Once upon a time, it was the year 1980. Computers were regarded, vaguely, as something one should know more about, kind of like biotech at the present: a guarantee of stable, well-paid employment to the person who was skilled with them. What we considered computers seemed much more various than now—the devices included the Pong gaming console my dad bought at Sears, the mainframes down at the community college, the Commodore PETs in my junior high’s computer lab, and whatever it was that my friend Wendy’s mom had worked on using punched cards.
Back then, there was this joke about being “folded, spindled, or mutilated;” it was usually a metaphor for being mistreated by dour, inflexible bureaucrats. Most of us got the joke, both because we were all subject to bureaucracy, and because all of us had seen punched cards, pieces of tagboard also vulnerable to maiming by unfeeling entities. Think of most large- or medium-scale processes, like assembling all the grades of the freshman class, or billing the customers of the gigantic Bell System: punched cards, and keypunch operators, were behind them.
Keypunch machine. Photo by inky
The keypunch operators were typically women. The work was considered clerical, and paid less than technical work assumed by men. The keypunch operators were nevertheless proud of their occupations, which held more status than being a secretary or nurse. A smaller number of women were accepted as programmers, the ones who submitted the punched cards to the all-mighty computer. Both roles required a greater degree of double-checking and focus than I think our jobs demand of us now: there was no Command-Z to reverse a mistake. They also seemed to pose a lot more physical discomfort: noisier machines, nearly Arctic temperatures, and no Aeron chairs.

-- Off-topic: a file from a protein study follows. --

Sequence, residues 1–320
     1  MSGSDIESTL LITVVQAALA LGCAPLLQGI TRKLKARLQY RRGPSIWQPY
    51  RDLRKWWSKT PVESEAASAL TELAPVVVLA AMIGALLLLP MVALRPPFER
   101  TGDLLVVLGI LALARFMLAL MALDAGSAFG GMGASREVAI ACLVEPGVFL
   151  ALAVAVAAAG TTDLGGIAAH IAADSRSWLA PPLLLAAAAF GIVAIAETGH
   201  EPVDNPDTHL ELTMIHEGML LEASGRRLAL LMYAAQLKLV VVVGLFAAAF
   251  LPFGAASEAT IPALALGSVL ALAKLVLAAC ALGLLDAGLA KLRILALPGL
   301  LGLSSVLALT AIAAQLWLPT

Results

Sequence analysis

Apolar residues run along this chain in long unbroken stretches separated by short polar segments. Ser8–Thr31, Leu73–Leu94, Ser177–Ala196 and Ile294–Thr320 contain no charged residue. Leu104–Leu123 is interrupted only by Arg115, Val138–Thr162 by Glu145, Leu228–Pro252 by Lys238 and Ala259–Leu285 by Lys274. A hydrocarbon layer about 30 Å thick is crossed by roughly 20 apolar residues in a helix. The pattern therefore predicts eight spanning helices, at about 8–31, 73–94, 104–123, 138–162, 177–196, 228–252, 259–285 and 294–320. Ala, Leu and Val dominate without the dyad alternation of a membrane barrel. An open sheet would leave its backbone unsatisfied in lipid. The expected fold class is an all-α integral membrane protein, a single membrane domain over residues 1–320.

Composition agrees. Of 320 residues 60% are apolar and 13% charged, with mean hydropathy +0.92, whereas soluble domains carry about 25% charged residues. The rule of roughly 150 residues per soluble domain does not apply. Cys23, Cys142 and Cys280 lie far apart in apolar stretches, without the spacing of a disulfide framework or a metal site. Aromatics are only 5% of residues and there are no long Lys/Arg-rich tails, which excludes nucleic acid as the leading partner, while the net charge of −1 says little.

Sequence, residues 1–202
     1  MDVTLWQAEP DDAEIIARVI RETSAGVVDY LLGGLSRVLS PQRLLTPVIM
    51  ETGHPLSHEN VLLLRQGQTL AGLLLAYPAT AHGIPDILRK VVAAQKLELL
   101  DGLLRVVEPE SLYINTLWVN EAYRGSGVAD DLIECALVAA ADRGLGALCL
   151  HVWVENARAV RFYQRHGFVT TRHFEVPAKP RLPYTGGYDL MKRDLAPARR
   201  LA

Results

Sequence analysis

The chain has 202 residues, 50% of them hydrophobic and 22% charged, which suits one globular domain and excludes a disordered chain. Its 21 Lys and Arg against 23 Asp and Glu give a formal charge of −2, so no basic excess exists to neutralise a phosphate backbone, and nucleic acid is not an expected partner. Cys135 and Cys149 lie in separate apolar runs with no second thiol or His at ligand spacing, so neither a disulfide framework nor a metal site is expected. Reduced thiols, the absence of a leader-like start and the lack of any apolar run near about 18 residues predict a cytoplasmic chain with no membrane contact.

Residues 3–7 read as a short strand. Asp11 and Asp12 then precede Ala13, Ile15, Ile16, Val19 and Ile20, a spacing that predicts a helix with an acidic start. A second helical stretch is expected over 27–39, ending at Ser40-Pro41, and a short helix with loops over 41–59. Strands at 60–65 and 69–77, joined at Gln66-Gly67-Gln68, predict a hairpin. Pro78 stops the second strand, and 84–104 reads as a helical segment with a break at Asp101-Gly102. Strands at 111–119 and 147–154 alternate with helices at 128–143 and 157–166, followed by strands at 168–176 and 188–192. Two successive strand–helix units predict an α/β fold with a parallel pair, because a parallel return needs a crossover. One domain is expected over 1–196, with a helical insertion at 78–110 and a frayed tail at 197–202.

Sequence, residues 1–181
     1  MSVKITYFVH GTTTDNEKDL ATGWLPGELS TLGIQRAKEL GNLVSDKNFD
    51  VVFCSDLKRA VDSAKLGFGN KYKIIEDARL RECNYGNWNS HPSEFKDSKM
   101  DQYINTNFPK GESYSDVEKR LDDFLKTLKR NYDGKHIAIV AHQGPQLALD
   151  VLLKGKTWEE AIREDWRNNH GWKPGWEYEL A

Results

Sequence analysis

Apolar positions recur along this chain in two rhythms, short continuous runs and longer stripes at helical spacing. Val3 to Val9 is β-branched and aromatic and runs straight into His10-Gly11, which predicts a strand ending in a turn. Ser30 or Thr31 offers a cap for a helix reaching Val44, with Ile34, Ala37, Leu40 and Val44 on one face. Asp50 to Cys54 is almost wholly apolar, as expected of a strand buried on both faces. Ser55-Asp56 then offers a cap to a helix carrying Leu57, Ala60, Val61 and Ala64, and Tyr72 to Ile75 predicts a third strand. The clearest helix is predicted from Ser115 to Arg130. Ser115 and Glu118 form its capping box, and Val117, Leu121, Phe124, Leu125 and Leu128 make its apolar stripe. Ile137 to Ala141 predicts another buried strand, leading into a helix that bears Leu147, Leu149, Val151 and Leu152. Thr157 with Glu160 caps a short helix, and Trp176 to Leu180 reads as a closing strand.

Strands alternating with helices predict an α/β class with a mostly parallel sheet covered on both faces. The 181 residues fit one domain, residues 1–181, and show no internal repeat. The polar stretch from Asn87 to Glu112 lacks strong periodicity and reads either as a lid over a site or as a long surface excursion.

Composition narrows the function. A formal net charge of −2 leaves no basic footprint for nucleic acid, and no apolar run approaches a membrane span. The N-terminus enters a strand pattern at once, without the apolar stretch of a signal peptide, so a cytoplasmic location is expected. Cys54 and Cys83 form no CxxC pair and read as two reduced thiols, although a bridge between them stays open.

Yet the women I’ve met who were employed as operators or programmers during this era of computing still have positive memories of the experience. They enjoyed having such esoteric skills. They liked going to the customers’ sites and solving the customers’ problems. They never considered their work incompatible with being feminine, or having lives outside work. They don’t know why most of their own daughters and granddaughters didn’t jump into careers or degrees in computing.
I know why, at least in my case. In 1980 my friend Wendy’s mom was explaining how to use a punched card program to one of my eighth-grade classmates—a boy. And my junior high computer lab was filled with students from the Gifted program huddled around the keyboards and monitors—all of the students, boys. The program director encouraged us girls to while away the hour in the band practice room instead. We acquiesced; computers had acquired the stigma of being uncool, despite how diverting Pong could be. Computers didn’t seem to do anything we found interesting, but we really didn’t get the time to investigate them too thoroughly: the boys in the lab made us feel too unwelcome.
What a tantalizing alternative history this would be, had we persisted. Had the legacy of the keypunch operators become that of subsequent eras in technology —a tradition of female participation sustained, even considered commonplace. Had computers become what they are today—ordinary appliances for use by all—but twenty or thirty years sooner. What we be doing now?